- The Washington Times - Monday, December 6, 2004

RICHMOND — Virginia already has the Crooked Road Heritage Music Trail and the Civil War Trail.

Coming soon: the Tobacco Heritage Bike and Hike Trail, the Virginia Motorsports Trail, the Virginia Pet-Friendly Trail and others.

Expansion of the state’s network of tourism trails is one of several initiatives in “Virginia Works,” an economic development plan announced Monday by Gov. Mark Warner for distressed rural areas.

Mr. Warner will ask the General Assembly to appropriate about $21 million in the next two-year budget to pay for the program. He said that although Virginia’s overall economy is strong, unemployment is high and personal income growth is lagging in some regions — especially Southside and Southwest Virginia.

“I’d love it if, at the end of the day, a young person in Martinsville or Grundy would have the same opportunity as a young person in Fairfax,” Mr. Warner said at a press conference.

A major component of the plan is promoting tourism, which brought in $15.2 billion and accounted for 280,700 full-time jobs in the state last year. Mr. Warner said theme-based tourism trails, including the Virginia Birding and Wildlife Trail and the Virginia Civil Rights Freedom Trail, have been popular and will be expanded.

Mr. Warner said Virginia is working with other states and the federal government to develop the Captain John Smith Water Trail and the Washington-Rochambeau Revolutionary Route.

Also in the works are the Virginia Wine Trail, the Virginia Fishing Trail, the Capital to Capital Bike Trail from Williamsburg to Richmond and the Virginia Colonial Trail, to be completed by the 400th anniversary of the founding of Jamestown in 2007.

Borrowing an idea from neighboring states, Mr. Warner also proposed building two retail centers for the sale of local arts and crafts — one near Staunton and one in Southwest Virginia, where several localities have expressed an interest.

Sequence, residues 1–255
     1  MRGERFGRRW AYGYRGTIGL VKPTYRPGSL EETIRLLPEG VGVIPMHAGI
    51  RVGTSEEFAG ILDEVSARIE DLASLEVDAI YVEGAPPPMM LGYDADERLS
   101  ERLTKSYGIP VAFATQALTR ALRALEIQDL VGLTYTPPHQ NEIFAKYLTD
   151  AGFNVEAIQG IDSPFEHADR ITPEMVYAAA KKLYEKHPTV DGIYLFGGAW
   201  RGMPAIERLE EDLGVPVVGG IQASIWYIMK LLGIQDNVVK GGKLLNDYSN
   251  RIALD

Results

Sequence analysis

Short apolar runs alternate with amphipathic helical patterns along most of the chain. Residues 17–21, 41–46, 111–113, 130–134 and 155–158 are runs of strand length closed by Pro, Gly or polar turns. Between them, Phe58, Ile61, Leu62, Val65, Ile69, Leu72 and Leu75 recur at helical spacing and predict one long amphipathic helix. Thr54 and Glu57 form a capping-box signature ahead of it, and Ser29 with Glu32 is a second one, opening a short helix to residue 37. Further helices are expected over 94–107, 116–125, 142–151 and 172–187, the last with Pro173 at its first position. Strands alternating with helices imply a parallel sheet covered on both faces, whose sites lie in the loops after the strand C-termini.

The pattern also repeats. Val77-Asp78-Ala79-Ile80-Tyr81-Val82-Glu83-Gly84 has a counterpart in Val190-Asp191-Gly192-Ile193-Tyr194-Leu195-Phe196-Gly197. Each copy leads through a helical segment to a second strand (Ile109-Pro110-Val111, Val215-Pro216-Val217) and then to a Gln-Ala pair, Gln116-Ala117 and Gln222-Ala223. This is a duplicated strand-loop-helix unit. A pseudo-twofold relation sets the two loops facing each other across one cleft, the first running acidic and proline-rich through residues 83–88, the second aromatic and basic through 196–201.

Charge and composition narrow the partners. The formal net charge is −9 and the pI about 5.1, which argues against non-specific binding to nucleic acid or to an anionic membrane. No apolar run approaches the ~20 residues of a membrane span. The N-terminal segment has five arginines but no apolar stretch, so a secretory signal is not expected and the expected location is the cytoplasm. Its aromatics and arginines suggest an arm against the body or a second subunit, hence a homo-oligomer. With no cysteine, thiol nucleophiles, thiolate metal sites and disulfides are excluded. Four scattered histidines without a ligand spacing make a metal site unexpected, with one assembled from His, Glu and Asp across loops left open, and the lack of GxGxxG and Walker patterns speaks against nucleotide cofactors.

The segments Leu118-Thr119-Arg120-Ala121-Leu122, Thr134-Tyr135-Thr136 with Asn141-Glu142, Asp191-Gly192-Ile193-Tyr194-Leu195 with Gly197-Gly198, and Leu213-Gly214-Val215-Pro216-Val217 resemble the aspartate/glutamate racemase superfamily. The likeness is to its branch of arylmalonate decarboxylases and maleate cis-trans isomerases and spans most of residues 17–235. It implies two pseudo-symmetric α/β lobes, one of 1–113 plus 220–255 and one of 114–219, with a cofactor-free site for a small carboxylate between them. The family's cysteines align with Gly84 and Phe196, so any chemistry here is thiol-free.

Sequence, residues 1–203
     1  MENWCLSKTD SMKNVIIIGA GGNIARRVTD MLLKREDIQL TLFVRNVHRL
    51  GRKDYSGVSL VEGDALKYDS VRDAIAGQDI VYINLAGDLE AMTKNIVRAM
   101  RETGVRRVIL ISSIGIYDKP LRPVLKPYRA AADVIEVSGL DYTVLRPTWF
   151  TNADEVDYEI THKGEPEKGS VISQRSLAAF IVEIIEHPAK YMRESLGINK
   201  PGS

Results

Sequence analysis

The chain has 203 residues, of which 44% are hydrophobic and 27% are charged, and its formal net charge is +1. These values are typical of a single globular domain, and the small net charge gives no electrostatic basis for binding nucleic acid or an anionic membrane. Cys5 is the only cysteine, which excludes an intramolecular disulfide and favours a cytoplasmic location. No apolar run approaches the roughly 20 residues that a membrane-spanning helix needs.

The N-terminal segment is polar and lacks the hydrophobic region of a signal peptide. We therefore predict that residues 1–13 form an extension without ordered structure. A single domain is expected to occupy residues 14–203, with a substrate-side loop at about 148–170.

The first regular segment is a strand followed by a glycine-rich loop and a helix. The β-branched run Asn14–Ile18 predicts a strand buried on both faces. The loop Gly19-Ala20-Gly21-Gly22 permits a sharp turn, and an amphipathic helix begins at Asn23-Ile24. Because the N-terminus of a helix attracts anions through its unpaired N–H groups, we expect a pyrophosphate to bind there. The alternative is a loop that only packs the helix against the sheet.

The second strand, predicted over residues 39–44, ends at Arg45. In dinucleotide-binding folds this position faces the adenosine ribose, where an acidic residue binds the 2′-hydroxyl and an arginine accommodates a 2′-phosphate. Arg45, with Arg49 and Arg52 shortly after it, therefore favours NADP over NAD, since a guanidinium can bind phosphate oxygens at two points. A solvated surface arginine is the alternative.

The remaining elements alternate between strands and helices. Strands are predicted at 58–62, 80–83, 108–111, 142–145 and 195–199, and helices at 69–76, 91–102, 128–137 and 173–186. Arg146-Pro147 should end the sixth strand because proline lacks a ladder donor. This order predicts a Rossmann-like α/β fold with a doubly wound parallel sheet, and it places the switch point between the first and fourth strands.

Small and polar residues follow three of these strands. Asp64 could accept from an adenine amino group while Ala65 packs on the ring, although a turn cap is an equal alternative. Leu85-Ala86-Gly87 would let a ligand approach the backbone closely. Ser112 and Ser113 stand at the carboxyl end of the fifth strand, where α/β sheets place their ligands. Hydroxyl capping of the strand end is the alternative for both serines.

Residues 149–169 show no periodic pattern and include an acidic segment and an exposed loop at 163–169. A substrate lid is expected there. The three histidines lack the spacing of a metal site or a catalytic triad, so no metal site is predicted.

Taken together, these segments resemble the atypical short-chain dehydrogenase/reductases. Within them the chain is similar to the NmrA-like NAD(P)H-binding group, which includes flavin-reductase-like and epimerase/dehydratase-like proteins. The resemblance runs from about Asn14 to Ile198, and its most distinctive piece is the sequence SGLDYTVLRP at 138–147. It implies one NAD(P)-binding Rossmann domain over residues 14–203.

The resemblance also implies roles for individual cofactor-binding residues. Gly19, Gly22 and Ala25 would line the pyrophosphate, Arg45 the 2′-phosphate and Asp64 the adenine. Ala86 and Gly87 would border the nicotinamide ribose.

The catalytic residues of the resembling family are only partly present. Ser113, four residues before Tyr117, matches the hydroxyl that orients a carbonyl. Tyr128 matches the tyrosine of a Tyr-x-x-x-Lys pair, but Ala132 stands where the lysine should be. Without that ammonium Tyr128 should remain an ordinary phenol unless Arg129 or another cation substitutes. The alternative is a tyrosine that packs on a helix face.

The Virginia Artisans Initiative also would include a marketing support network and education programs for artists and craftsmen.

Mr. Warner also will ask the legislature to establish a Virginia Community Development Bank to make loans to new and expanding businesses in distressed areas. He said the bank, with $15 million in capital, would help borrowers who would not otherwise be served by a commercial bank.

The program also includes the following:

• Grants to be awarded to private-public partnerships that identify better ways to respond to the needs of existing business;

• A one-time award of up to $5 million to assist a struggling major employer or to recruit economic development prospects in a distressed community;

• Additional funding to promote advanced manufacturing and development of specialty crops;

• Vigorous pursuit of federal tax credits for economically distressed areas;

• Grants to raze abandoned plants and redevelop the sites for new investment.

Sen. Frank M. Ruff Jr., Clarksville Republican, attended Mr. Warner’s press conference and said he was encouraged by the initiative.

“Because the governor put as many hooks in the water as he did, some will be successful and some won’t,” said Mr. Ruff, adding that he especially liked the tourism proposals.

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